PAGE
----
|Owner(s)||Engurhesi Ltd. (Georgian Government)|
|Dam and spillways|
|Type of dam||Arch dam|
|Height||271.5 m (891 ft)|
|Turbines||5 × 260 MW|
|Installed capacity||1,300 MW|
|Annual generation||4.3 TWh|
The Enguri Dam is a hydroelectric dam on the Enguri River in Georgia. Currently it is the world's second highest concrete arch dam with a height of 271.5 metres (891 ft). It is located north of the town Jvari. It is part of the Enguri hydroelectric power station (HES) which is partially located in Abkhazia.
Soviet First Secretary Nikita Khrushchev initially proposed a major dam and hydroelectric power scheme on the Bzyb River as his favourite resort was located near the mouth of the river at Pitsunda. However, his experts informed him that a dam built on the Bzyb River would have had catastrophic effects in causing beach erosion at Pitsunda, so in the end the dam was built on the Enguri River instead, where the impact upon the coastline was assessed to be considerably less pronounced.
Construction of the Enguri dam began in 1961. The dam became temporarily operational in 1978, and was completed in 1987. In 1994, the dam was inspected by engineers of Hydro-Québec, who found that the dam was "in a rare state of dilapidation". In 1999, the European Commission granted €9.4 million to Georgia for urgent repairs at the Enguri HES, including replacing the stoplog at the arch dam on the Georgian side and, refurbishing one of the five generators of the power station at the Abkhaz side. In total, €116 million loans were granted by the EBRD, the European Union, the Japanese Government, KfW and Government of Georgia. In 2011 the European Investment Bank (EIB) loaned €20 million in order to complete the rehabilitation of the Enguri hydropower plant and to ensure safe water evacuation towards the Black Sea at the Vardnili hydropower cascade.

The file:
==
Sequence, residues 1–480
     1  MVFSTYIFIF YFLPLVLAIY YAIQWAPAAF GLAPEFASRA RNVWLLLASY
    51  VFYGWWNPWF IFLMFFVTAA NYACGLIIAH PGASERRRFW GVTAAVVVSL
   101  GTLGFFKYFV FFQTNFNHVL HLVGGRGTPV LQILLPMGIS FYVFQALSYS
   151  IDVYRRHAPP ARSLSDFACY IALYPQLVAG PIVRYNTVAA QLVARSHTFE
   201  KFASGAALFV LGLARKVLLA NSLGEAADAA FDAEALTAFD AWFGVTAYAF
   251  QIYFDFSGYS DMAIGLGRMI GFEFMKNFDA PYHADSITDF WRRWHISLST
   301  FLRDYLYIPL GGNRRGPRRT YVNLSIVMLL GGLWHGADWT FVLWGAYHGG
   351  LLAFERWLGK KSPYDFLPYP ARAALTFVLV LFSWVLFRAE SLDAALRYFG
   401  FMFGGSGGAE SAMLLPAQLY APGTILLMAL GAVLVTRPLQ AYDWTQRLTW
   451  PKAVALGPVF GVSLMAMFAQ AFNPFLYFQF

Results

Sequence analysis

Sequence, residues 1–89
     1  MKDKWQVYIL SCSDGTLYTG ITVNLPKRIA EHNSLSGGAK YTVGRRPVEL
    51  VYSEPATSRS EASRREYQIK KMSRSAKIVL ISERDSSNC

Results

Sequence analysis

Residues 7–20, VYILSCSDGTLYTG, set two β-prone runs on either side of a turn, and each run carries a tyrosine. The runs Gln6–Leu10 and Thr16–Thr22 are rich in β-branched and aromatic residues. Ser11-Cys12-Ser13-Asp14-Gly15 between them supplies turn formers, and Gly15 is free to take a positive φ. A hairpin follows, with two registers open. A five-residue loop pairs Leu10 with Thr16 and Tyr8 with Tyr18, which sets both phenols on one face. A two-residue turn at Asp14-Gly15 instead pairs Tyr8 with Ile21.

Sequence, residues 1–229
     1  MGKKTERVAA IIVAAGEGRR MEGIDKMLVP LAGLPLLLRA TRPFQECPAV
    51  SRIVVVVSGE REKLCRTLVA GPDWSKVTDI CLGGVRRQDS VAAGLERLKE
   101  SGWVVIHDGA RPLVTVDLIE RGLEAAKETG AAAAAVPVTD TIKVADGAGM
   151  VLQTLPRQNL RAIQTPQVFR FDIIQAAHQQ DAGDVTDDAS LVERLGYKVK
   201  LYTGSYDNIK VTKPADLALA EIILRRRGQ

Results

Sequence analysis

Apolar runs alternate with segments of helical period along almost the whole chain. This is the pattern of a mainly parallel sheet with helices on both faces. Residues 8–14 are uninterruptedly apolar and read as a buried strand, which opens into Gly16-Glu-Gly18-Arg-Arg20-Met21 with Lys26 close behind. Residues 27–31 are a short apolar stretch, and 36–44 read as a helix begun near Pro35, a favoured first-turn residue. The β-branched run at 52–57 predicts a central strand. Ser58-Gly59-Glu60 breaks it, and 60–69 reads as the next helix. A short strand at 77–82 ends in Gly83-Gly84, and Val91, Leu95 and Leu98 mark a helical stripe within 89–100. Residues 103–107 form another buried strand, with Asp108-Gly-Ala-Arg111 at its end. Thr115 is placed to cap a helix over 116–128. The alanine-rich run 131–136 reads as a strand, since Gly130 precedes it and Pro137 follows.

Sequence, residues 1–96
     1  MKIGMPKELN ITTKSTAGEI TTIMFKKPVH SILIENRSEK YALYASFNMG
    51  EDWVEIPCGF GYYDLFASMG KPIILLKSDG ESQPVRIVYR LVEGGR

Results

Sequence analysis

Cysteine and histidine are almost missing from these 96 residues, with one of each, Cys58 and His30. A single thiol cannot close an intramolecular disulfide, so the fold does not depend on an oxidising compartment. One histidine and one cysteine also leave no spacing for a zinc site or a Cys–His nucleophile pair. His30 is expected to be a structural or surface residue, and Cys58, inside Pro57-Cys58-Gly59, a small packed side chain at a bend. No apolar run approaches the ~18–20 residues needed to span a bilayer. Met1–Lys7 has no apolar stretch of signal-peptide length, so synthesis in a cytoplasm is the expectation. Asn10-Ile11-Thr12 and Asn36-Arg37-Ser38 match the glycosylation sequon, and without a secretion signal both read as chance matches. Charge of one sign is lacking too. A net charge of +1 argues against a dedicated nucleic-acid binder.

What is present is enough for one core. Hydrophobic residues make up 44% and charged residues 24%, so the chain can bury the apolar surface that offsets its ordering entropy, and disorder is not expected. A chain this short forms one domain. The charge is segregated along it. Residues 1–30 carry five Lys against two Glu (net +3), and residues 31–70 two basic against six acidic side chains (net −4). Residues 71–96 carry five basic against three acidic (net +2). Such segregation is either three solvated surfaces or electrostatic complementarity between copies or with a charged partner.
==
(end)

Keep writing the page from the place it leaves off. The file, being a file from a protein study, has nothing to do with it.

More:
In the early 1980's, a series of radio relays were built to connect the Enguri Dam with the Hudoni Dam, which was under construction. The relays were in remote territory with no access to electricity, and thus were powered with a series of eight radioisotope thermoelectric generators (RTGs). However, the Hudoni dam's construction was stopped as Georgian independence from the Soviet Union drew near. The stations and their RTGs were abandoned and eventually dismantled. The RTG's became lost at this time. Two were rediscovered in 1998, leading to no injuries. Two more were found in 1999, and again led to no injuries or significant radiation exposure. Two more were rediscovered in 2001, which led to the Lia radiological accident. The other two sources remain unaccounted for.
The Enguri hydroelectric power station (HES) is a cascade of hydroelectric facilities including, in addition to the dam - diversion installation of the Enguri HES proper, the near-dam installation of the Perepad HES-1 and three similar channel installations of the Perepad HESs-2, -3, and -4 located on the tailrace emptying into the Black Sea. While the arch dam is located on the Georgian controlled territory in Upper Svanetia, the power station is located in the Gali District of region Abkhazia of Georgia. Enguri HES has 20 turbines with a nominal capacity of 66 MW each, resulting in a total capacity of 1,320 MW. Its average annual capacity is 3.8 TWh, which is approximately 46% of the total electricity supply in Georgia as of 2007. According to the 1992 agreement Georgia gets 60% of the energy generated by the power station and Abkhazia gets the remaining 40%, however in the late 2010s the Abkhazian consumption increased significantly driven in part by bitcoin mining.
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